All about Weight Control

weight controlSo many girls who fall into the pattern of having an eating disorder and people think it’s mainly because of insecurities. What they don’t know is that it’s as much about insecurity as it is weight control issues. It’s an aspect that isn’t usually investigated in most cases.

Weight is one of the relatively easier things to fix about one’s self. Consequently, it has some connotations both good and bad and has been a huge factor in self-esteem. It’s funny how something as insignificant as the measurement of one’s mass has become the forefront of superficial targeting.

One more thing that I’ve observed over the years is that weight control is not just a personal task. Parents of overweight children, sometimes, get in on the act. While I can certainly understand that it stems from concern, it’s also a ground for unnecessary insecurity in children.

I cannot stress enough that children should always be made to feel good about themselves. I’m not suggesting that parents lie to their children about health but I suppose it’s not too much to ask that they be a little bit kinder. Weight control sounds a little too harsh to me.

For example, maybe instead of just being obsessive about portion control, parents could also be involved in their children’s physical activities. And it shouldn’t just be a matter of correcting the problem when there is a problem. Playing with your kids should be a natural thing—not a prevention measure.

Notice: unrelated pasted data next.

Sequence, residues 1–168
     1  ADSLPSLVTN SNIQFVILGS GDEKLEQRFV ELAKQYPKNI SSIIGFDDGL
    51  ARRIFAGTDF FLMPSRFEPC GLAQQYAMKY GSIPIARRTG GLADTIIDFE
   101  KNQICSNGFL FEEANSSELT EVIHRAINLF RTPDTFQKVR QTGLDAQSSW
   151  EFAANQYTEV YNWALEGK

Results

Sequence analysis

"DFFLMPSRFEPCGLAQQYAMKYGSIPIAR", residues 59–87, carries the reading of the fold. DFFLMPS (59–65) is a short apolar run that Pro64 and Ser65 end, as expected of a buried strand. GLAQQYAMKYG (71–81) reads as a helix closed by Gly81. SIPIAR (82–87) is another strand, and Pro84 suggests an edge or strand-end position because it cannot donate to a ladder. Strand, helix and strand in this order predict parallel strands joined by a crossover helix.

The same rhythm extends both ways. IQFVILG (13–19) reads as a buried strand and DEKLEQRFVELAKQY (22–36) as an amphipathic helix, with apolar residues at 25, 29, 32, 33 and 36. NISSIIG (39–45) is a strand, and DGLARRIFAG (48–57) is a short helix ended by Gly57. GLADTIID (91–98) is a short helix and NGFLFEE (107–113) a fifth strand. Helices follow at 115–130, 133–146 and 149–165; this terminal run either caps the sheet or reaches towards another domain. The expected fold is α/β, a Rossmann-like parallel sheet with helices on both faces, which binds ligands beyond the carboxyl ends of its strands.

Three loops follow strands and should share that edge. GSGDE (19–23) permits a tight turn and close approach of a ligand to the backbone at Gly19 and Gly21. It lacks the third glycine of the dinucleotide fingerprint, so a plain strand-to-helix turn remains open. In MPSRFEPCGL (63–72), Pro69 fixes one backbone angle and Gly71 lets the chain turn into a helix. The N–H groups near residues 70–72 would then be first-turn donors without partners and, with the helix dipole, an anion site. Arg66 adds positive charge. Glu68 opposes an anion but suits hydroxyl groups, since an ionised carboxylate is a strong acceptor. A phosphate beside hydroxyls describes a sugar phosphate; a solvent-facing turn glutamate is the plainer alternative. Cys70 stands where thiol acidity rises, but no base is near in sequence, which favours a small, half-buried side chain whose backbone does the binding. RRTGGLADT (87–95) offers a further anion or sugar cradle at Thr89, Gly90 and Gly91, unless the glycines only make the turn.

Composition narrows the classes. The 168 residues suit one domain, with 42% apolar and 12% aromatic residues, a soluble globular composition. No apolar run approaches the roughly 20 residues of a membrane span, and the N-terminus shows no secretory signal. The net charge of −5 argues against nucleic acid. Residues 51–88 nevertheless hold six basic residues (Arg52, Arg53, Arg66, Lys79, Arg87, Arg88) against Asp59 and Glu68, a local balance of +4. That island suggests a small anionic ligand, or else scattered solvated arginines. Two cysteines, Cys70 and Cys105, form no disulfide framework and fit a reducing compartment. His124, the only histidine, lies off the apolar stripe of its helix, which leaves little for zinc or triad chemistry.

As an adult, it is relatively harder to manipulate one’s weight but there is also more pressure to remain fixated on just this one thing. When you are receptive to the majority’s ideas of what you should be, it’s easy to fall into the confines of counting calories. It seems that the message is everyone is shaped differently but only one shape can be beautiful.

weight controlWeight control in these situations is a little extreme. Obviously, we all know what we should do in order to be healthy. But when we preoccupy ourselves with a number, the pursuit of health turns into a bid to fit a cut-out that we were never meant to fit.

The thing is control is such a strong word; weight control is even more daunting. It connotes ideas of obsession and an ideology that weight is something to master—you are weak when you cannot even will yourself to starve to a lower number. How troubling that everything that that is prefaced by the word “weight” is already seen as a negative.

How did this happen? When did we start thinking of this word as dirty and depressing? Can we build a schema that recognizes it as just another number, a measurement that in no way defines who we are?

I think we can, but it would take a campaign as extensive as the one that the media is perpetuating in regards to a disapproving picture of the word “weight.” By realizing that weight control just denotes the idea of a healthy middle ground between the ideal and what is, we can counter the norm. And I, for one, hope that we do contradict this message.